Stray Dogs (2013, Tsai Ming-liang) [c]
“Slow cinema” + misery porn = not for me.
Women in Love (1969, Ken Russell)
Highly literary, complex film of D.H. Lawrence’s novel is unmistakably a condensation of themes that have more room to sprawl out on the printed page, but it benefits from good performances (Eleanor Bron’s pretension is especially fun) and Russell’s hyperactive style; his camera loves the nude wrestling of the two male leads far more than any of the sex scenes, which focus on the shortcomings of men who don’t really know how to fuck and are not shy about proving it. As the story descends into bickering and rather verbose delvings into an extremely off-kilter vision of sexual politics that would take hours of energy to unpack, it ends up feeling just overwhelming.
Dead Man Walking (1995, Tim Robbins)
Susan Sarandon, solid as always, is the only redeeming facet of this utterly bland social problem screed dominated by a painfully showboating Sean Penn as a death row inmate, a composite version of two executed men counseled by Sister Helen Prejean as recounted in her book of the same name. The film is balanced enough, not shying away from the horrible crimes for which Penn’s Matt is being executed or from the righteous indignation of the victims’ families, but that balance keeps it from saying much of anything until a dreadfully on-the-nose finale.
Klute (1971, Alan J. Pakula)
(Revisit; slight upgrade.) Gorgeously photographed (by Gordon Willis) neo-noir attempts a portrait of urban discontent: working girl Jane Fonda is being spied on by a private detective (Donald Sutherland, in an inexcusably zombielike performance) who’s on the trail of a disappeared friend, once apparently a customer of hers. The story is too poorly set up (and wound down) to do anything with the potential of this basic idea thanks to an idiotic script and bad performances.
The Trip to Bountiful (1985, Peter Masterson) [r]
Wistful ode to aging and regret by Horton Foote about an elderly woman yearning to escape confinement in an apartment building with her son and horrible daughter-in-law in order to visit her former hometown one last time. This cops to sentimentality a little too often but is occasionally incisive, thanks largely to Geraldine Page, who forms Foote’s slightly caricatured dotty heroine into a palpably real human being and renders his monologues not just credible but moving.
Two Women (1960, Vittorio De Sica) [r]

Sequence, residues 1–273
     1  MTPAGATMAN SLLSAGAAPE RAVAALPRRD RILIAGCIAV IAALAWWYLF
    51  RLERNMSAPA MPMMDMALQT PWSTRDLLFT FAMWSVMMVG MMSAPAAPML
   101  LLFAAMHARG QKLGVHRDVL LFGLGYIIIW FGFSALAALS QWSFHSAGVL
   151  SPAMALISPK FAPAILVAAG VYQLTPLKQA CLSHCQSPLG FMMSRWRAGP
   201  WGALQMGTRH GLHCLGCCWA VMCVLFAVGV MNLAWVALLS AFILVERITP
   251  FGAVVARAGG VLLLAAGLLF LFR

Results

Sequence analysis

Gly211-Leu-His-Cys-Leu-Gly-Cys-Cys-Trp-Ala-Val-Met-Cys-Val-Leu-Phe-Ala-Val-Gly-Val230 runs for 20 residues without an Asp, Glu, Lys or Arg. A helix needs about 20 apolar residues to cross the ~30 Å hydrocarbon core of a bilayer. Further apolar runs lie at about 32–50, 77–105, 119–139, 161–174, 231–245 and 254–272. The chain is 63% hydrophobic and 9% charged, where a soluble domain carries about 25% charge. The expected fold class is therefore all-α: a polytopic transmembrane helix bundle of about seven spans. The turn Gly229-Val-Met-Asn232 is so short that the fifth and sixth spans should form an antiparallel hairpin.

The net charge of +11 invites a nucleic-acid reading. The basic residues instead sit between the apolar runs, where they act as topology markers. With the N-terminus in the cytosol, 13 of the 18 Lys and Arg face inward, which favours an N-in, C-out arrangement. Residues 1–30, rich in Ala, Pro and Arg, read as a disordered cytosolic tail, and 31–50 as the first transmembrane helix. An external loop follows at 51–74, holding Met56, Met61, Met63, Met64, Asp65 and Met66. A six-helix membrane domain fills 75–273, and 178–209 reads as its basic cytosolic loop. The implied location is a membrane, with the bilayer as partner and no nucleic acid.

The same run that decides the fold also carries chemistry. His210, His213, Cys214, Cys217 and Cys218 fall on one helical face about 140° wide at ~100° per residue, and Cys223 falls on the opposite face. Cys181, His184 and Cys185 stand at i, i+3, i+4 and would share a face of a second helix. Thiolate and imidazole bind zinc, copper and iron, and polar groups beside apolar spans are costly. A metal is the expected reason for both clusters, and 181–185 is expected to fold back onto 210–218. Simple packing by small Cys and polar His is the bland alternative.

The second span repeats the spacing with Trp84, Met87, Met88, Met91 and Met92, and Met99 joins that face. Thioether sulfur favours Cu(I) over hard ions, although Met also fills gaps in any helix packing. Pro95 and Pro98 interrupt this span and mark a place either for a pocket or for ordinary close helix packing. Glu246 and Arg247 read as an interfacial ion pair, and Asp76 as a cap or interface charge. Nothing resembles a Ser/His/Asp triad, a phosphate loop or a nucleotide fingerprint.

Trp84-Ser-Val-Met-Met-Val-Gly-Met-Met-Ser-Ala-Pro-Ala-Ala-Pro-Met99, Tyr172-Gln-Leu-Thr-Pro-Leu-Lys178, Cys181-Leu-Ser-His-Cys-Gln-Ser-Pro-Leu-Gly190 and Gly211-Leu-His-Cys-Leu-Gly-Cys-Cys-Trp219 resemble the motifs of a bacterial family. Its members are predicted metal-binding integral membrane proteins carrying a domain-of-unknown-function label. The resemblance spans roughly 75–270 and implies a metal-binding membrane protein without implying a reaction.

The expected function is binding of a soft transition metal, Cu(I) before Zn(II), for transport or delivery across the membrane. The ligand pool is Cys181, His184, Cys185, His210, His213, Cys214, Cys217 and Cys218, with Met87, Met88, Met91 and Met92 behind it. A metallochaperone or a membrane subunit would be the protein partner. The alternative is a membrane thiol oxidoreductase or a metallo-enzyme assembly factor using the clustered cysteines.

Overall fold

Wrenching tale of a mother and daughter trying to stay ahead of the Allied victory in Italy and enduring constant, ultimately shattering hostility from men (soldiers and otherwise) is gripping and the performances are extraordinary; Sophia Loren’s Academy Award was well deserved. But like many Neorealist films this feels like an exercise in futility, without much to do beyond documenting misery that goes from bad to worse. As a character study it’s hard to fault but neither its fatalism nor its seemingly begrudging acceptance of rape and violence as a fact of male character make it an easy sell.
Blue Sky (1994, Tony Richardson) [r]
Melodrama about an Army nuclear engineer (Tommy Lee Jones, stoic and brilliant) struggling with the very public promiscuity and mental illness of his bombshell wife (Jessica Lange, slightly over the top) is riveting for a time but goes completely off the rails when it suddenly loses its subtle thread of complicated, compromised domesticity and becomes concerned with the health consequences of nuclear testing and, uh, military cover ups. The film feels very tampered with and badly edited in the third act; maybe this has something to do with director Richardson dying just after he filmed it, or maybe with the studio going bankrupt and leaving it shelved for three years.
Jealousy (2013, Philippe Garrel)
Slice of life from latter-day New Waver Garrel is admirably bare, following the messy love life of an only sporadically responsible actor (Louis Garrel) who looks like Nick Cave and Neil Gaiman somehow managed to breed. The characters are too bare and undefined for us to care much about how the shattered, codependent relationship at the center plays out; it feels like Cassavetes in the way it resembles a series of sketches meant to provoke inspiration in an improv class. Still, not bad, just unmemorable, despite a great guitar score by Jean-Louis Aubert and a delightful, mature performance from child actor Olga Milshtein.